Cybook Odyssey HD Frontlight Headed to the U.S.

Cybook Odyssey HD with Frontlight

One European eReader I have always had an overseas crush on is the Cybook Odyssey HD. Now that French eReader developer Bookeen has released a 2nd-gen edition of this device—with a frontlit display—I want one even more. The Cybook Odyssey HD Frontlight features a 6-inch capacitive touch HD E Ink display (1024 x 758), and its proprietary High Speed Ink System (HSIS) technology makes it one of the most unique eReaders I have ever seen.

HSIS enables this device to have vertically scrolling menus (without flashing), ultra fast refresh rates, and even E Ink screen animations. For example, every time you open an eBook, an image of its cover smoothly expands across the display, just as it would if it were on a tablet.

The Odyssey HD Frontlight is powered by a Cortex A8 Texas Instruments Omap 800 MHZ processor with 128 MB of RAM. Bookeen’s product listing states that this processor “stands up to the most powerful tablets”; I’m not sure about that, but from the video reviews I have seen, operations run very smoothly on this device, and the browser is more practical to use than on other eReaders.

As for the display, the Odyssey HD’s front-lighting looks a lot more uniform than my Kindle Paperwhite’s, but this could vary from screen to screen. Another thing I really love about this device is that it actually has physical page turn and menu buttons, plus a microSD card slot.

As far as I know, Bookeen’s eReaders have never been available in the United States, and the Odyssey HD has been waiting on FCC approval for awhile now. Supposedly, this is about to change. According to a future distributor, the Cybook Odyssey HD Frontlight has obtained FCC clearance and will be available in North America soon.

If this happens, there will be one more option for front-lit eReaders here in the States, but I’m not sure how much of an impact it will make. Amazon, B&N, and Kobo have pretty much dominated the market here (goodbye Sony). Up to this point, the only people who have heard about the Odyssey are eReader enthusiasts who read blogs like this one. Unless Bookeen plans to embark on a massive North American ad campaign, we probably won’t be seeing their eReaders around town anytime soon. I’m also worried about the price; the phrase ‘imported eReader from France’ probably doesn’t translate to a $119 price tag.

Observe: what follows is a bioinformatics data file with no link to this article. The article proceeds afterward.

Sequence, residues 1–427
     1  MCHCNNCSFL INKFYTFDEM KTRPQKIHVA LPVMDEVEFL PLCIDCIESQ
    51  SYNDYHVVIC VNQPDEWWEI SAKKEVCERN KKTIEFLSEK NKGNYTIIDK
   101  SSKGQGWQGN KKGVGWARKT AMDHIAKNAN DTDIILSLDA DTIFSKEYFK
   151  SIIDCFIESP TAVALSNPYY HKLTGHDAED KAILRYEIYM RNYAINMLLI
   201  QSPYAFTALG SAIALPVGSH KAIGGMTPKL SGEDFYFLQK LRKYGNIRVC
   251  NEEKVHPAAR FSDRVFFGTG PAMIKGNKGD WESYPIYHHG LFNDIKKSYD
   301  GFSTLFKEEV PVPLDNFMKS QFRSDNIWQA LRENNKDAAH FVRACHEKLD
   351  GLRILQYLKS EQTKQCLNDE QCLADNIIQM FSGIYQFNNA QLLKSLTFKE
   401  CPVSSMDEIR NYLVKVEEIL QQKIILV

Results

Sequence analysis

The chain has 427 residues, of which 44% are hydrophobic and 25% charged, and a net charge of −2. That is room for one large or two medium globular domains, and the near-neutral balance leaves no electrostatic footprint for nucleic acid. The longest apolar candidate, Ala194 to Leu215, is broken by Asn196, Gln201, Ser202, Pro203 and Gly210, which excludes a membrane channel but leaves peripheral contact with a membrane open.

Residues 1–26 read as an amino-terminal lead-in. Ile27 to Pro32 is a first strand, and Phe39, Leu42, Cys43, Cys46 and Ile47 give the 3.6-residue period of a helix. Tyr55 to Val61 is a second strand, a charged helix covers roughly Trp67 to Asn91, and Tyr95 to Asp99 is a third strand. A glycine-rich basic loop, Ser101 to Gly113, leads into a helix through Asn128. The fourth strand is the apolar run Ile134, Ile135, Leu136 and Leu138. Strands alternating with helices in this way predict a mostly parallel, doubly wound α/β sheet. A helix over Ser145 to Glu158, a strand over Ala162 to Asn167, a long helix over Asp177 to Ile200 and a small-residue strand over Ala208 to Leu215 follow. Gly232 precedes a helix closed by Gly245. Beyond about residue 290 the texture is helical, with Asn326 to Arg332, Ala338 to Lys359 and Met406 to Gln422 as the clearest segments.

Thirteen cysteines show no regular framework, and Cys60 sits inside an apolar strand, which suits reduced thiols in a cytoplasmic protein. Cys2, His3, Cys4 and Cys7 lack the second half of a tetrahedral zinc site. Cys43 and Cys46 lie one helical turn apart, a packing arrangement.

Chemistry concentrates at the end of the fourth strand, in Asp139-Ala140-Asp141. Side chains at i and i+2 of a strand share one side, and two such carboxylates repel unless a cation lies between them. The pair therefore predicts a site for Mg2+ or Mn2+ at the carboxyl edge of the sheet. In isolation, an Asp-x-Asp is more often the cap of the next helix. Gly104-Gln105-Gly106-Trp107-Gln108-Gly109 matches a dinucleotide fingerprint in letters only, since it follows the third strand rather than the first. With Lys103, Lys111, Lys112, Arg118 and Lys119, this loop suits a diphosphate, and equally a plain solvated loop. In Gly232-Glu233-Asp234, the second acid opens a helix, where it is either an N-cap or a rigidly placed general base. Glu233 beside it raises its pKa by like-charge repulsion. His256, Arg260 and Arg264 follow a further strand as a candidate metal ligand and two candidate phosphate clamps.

Would the HSIS technology be enough to entice you away from your Paperwite, Glo, or Nook?

16 Responses to “Cybook Odyssey HD Frontlight Headed to the U.S.”

  1. Not enough reader for what’s going to probably be a $150 product. This runs 119 pounds, Sterling, right now. In the states, even with a substantial discount, that’s still $150. Is that the reason I won’t get one? No. The reasons are that it isn’t terribly customizable. i can’t install the Nook or Kindle readers on this. It doesn’t support audio. It’s really not enough extra stuff to entice a US consumer. Nook GL, Paperwhite, and Kobo Glo are all much better options.

    • Just as an observation, one cannot install Nook or Kindle apps on the other devices either. They are all basically locked into their own readers. Of course the tablet ereaders like the KF and Nook HD are a different class.

      That said, I doubt it will gain much traction over the market leaders here. Most people are already committed to the major market ereaders.

      • By rooting out a Nook Glowlight, you can install the Kindle, Kobo, Play Books, and other reader stores.

        • Here is something not widely known, but the Cybook Odyssey HD is NOT locked into any specific eBook store.

          You can actually chose which store you want to be default on your device! That means B&N, Kobo, Smashwords, Feedbooks, or another ebook store could be linked in to your device.

        • Good point, or you could just buy a tablet or KF and not have to root. Although, many buyers are not skilled enough to root devices or are scared about invalidating the warranty. But there is an appeal to eink screens over LCD, that is why I bought the new Paperwhite and sold my KF on ebay (which had the Nook store side loaded).

          • I have always wanted to root a device, but I just don’t feel I have the technical expertise required. I enjoy devices that have a lot of native capabilities.

            I have been able to perform some simple actions with my eReaders (adding fonts, mods, ect), but I rely heavily on step by step instructions that are written for the layman. Some of the how-to guides I find on Mobileread might as well be written in a foreign language.